Nov 11, 2014

GERD & Foods To Avoid During the Holidays


For the past 6 years, I have been living with GERD (Gastroesophageal reflux disease). I have a food list for every day meals, holidays, and special occasions. These lists include foods I can eat and foods I need to avoid. But with Halloween, Thanksgiving, Christmas, and New Year's so close together, it can be difficult to find foods that you can eat.

Since many people with GERD face the same problems, I have compiled a list of foods to avoid during the holidays and a list of foods that should be safe. (Since GERD trigger foods differ from person to person, use caution when choosing from these lists.)

Foods to Avoid

  • Onions can be the #1 trigger foods. Cooked onions are usually okay, but onions in their raw form are not so okay. Substances in raw onions cause GERD flare ups, but cooked onions breaks down the heartburn-inducing substances.
  • Milk chocolate, especially in large quantities, can cause heartburn and indigestion. I personally can eat a small amount with no problem. If you get indigestion from eating chocolate, avoid this and opt for an alternative, like dark chocolate.
  • Alcohol is not on everyone's list of things to avoid, but it can trigger GERD in some people. If you are unsure how alcohol will affect you, steer clear of it (so you don't have to learn the hard way). Caffeine is also another major trigger.
  • Avoid anything overly spicy, spiced, or hot. The acid from the food can irritate the esophagus, making your symptoms worse. This includes overly-salty foods, which is not only bad for GERD but bad for your blood pressure as well.
  • Creamy and overly-fattening foods can and may trigger heartburn or indigestion. If you can't avoid them, only eat a small portion.

Foods That Are Okay

  • Try to choose salads with light or low-fat dressings. Tomatoes should be okay, unless they're on your "avoid it" list. If a healthier dressing isn't available, forego the dressing.
  • Baked treats, in moderation, should be okay as long as they are not laden with butter. If you're the one baking, try to find an alternative to butter and/or sugar without turning the cookies into muffins. Picklee has a wonderful healthy baking substitution list.
  • Light turkey meat is a better alternative than dark turkey.
  • Healthy appetizers are a great way to snack, as long as they don't include your trigger foods.
  • Spreads and dips are another great way to snack. For those going to a party and you know a "safe" spread or dip isn't going to be available, offer to bring your own.
  • Just because it's the holidays does not mean you can stop eating what you eat every day! Be sure that those foods stay as a major part of your meals and include holiday eats every now and then.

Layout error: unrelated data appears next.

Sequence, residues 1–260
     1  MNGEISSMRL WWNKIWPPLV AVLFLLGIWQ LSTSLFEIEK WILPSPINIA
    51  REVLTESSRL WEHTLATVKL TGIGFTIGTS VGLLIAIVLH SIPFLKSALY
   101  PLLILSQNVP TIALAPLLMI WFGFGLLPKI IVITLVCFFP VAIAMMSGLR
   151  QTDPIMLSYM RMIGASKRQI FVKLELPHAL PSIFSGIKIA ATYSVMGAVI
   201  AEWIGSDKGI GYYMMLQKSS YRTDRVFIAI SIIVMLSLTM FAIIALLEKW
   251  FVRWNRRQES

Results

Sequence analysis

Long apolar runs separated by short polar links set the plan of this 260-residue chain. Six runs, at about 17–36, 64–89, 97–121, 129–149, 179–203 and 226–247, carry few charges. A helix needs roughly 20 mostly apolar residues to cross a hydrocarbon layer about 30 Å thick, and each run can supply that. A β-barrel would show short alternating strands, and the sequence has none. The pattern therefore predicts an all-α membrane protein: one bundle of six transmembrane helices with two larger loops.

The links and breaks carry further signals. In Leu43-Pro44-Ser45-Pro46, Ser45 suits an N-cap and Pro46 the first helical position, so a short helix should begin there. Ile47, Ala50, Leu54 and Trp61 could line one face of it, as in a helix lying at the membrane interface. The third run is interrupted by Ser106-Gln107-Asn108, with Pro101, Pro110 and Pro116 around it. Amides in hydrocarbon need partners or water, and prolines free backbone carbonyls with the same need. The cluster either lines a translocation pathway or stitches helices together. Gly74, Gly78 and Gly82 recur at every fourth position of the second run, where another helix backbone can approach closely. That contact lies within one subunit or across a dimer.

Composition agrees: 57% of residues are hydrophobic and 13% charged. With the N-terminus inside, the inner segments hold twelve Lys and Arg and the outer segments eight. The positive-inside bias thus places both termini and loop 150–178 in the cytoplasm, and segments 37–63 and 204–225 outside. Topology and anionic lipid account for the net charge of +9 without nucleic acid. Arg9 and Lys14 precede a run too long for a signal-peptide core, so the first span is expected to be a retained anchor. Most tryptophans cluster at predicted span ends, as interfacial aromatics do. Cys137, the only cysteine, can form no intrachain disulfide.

• Decaffeinated coffee and tea will not only warm you up, but keep you going all day long without the caffeine crash and indigestion. (I know, I know. Caffeine is the elixir to life, but it also the villain for GERD.) 
  • Peppermints (and minty things) are great for heartburn and indigestion so grab a candy cane and munch away. 
Want some tips to avoid heartburn and indigestion.

  • Don't overeat. Overeating can cause indigestion and heartburn like you wouldn't believe! You know when you overeat and you feel nauseous? Well, add heartburn to that. It's not fun!
  • Don't lie down right after eating. There is nothing worse than eating, lying down (even for a nap), and waking up with a heartburn from hell. If you need to lie down, wait at least an hour and make sure you're lying down with your head elevated r to 8 inches.
  •  Keep a remedy on hand. You can't always avoid your trigger foods, and when a heartburn happens, be sure you have some sort of remedy close by. I prefer the generic Maalox or Pepto-Bismal when I'm home. When I'm out, I take Prilosec OTC at least an hour before I plan on eating. 
  • Try to take a walk after eating. Now, I know you can't always take a walk after eating, especially when the nights get colder and snowier. But when the days are still nice, try to take a while for about 30 minutes after eating. It aids in digestion and you may avoid the dreaded heartburn. 
I know it's not an extensive list. Even after 6 years, I am still finding foods to add to my lists (like how I recently found out that wasabi goes straight to the "avoid it" list). And I don't care if I can't have it, I am looking forward to the delicious holiday treats I know I was be snacking on while I wrap gifts or decorate the tree!

How does having GERD keep you from enjoying the holidays?

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